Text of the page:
Found this on Life Hacker today:
I particularly liked the Virtual Vomit Generator. My day is complete.
Found this on Life Hacker today:
I particularly liked the Virtual Vomit Generator. My day is complete.
On the way back from dinner last night, we passed the Colonial Kitchen restaurant in San Marino. It appears that their neon sign is having a problem. It says “Colonial chen”. But I read recently that the city of San Marino is now about half Chinese, so perhaps this alteration to the sign is their way of trying to assimilate…
This evening we went out to dinner with Uncle Hsin and his family. We had a big Chinese dinner, complete with Peking Duck, lobster, crab, and so forth. Lucinda isn’t a big seafood fan, so we got some ribs and a beef dish for her to eat. She is learning to use chopsticks now.
Today’s ride was to Mt Washington in Los Angeles. This is a little hill neighborhood just northeast of Downtown.
We started out heading up the hill into Altadena. Then we took Woodbury Road across to La Cañada and went up Chevy Chase and Descanso. Then it was down Hospital Hill to Montrose and then the long downhill on Verdugo Blvd.
Verdugo took us all the way down into Glassell Park and Eagle Rock Blvd. We took a right there and took Eagle Rock down the Cypress Park. There wasn’t a whole lot of interesting stuff to take pictures of along the way. And even where there was something, I was too slow in getting the camera out. So I missed a picture of the sign advertising the “Happy Dolling Doll Show”, among others.
When we got down almost to the L.A. River, we got on Figueroa St, which was newly repaved. That was nice. We took that north a bit and then turned up Mt Washington. The street got very narrow and winding, which was a nice change of pace from the big streets we’d been riding on. We climbed all the way up the hill, and at the top, we stopped by the gates of Paramahansa Yoganandaâ€™s Self-Realization Fellowship. We paused to meditate briefly before heading down the other side of the hill.
At the bottom of the hill, we headed north some more, back into South Pasadena. There we stopped at a little cafe and bakery. They had a sign advertising “Pastries Fresh Daily”, but then I noticed that they had a jar of Twinkies next to the biscotti. I asked them about this, and they said that they usually also had Ding Dongs, adding that they were actually pretty popular. Hmm. I had a bagel.
Leaving the cafe, we headed east across San Marino. Newton had ridden in from Covina, so we decided to follow him part way back. We took Colorado across Arcadia, and then went one block south to Santa Clara St, which is a nice quiet street that goes across Arcadia and Monrovia. That was where we saw the hot rod parked on the side of the road. We all agreed that it looked like it would probably be a fun car, but that you’d need to wear earplugs while driving it.
When we got to Duarte and the Nun Crossing sign it was time to turn around. Philippe and I turned around and retraced our route back to Pasadena, pausing only briefly to snap a picture of the AMME sign. Now that we’ve seen it, it seems obvious that there would be a group such as the “Worldwide Association of Mexicans Abroad”, but who knew it would be in a strip mall in Monrovia?.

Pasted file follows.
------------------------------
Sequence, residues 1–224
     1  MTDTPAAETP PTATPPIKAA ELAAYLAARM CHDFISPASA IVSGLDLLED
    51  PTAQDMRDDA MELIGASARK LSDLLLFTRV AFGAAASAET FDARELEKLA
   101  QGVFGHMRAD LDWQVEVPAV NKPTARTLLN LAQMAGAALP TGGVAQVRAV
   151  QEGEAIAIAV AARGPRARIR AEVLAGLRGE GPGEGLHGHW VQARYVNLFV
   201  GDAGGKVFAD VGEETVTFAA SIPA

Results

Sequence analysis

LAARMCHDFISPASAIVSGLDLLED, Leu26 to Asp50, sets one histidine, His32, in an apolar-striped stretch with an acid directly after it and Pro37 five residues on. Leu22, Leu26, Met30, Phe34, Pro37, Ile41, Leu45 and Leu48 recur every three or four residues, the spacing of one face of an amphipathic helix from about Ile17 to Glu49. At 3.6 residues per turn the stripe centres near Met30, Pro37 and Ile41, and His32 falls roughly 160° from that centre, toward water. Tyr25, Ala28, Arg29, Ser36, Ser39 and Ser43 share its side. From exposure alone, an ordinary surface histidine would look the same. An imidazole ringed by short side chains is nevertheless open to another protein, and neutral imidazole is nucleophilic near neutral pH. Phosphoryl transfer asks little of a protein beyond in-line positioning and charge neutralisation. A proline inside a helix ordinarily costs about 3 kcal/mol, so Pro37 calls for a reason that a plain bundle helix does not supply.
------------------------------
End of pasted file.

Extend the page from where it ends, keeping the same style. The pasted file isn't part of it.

The last bit of the ride was back through Sierra Madre. Then I was home.
This evening we went to Chinatown to an art show. The art was by our friend and tattoo artist, Shannon. Also, there was art by Shannon’s sister Lindsay, and also by another artist who is a friend of theirs.
There was an odd mix of people there at the gallery. It was pretty entertaining, though. We saw Shannon’s friend Alexis, who was all gothed out. She said that she was there to ‘add lack of color’. We decided that she had the best outfit there.
Overall, it was a fun little diversion on a Saturday evening.
I noticed this in my web server logs. I was linked from a French cycling site. They have a link to a picture of me sitting on the side of the road fixing a flat tire. Not knowing French, I used The Fish:
(As promised the week spent, we speak today about the tire). One can affirm without fear to be mistaken that the tire is an essential part of the bicycle. With proof this image: the tire is abolished by a puncture, therefore the bicycle is sagging unusable on the ground. Stan, Cathy, and Lucinda
A bit clumsy, but it’s understandable. The tire is an essential part of the bicycle. Dunno how they found that particular picture, but it’s still amusing.
Update: I asked a woman in my office who reads French, and this is her translation:
“(as promised last week, today we’ll talk about the tire)
One can say that the tire is a key piece for the bike. This picture proves it: a puncture puts the tire out of order, so the bike is lying on the ground, useless.”
It’s September, which means it’s time for the Inkslingers’ Ball. This is easily the best tattoo convention in Los Angeles, and it’s my sentimental favorite. We’ve been going to it since ‘95, and it’s always great fun.
I went on Friday night and also on Saturday. Cathy joined me for Saturday night. I have a whole circle of friends that I know from these events that I never see anywhere else, so it’s always a fun time to see them and catch up.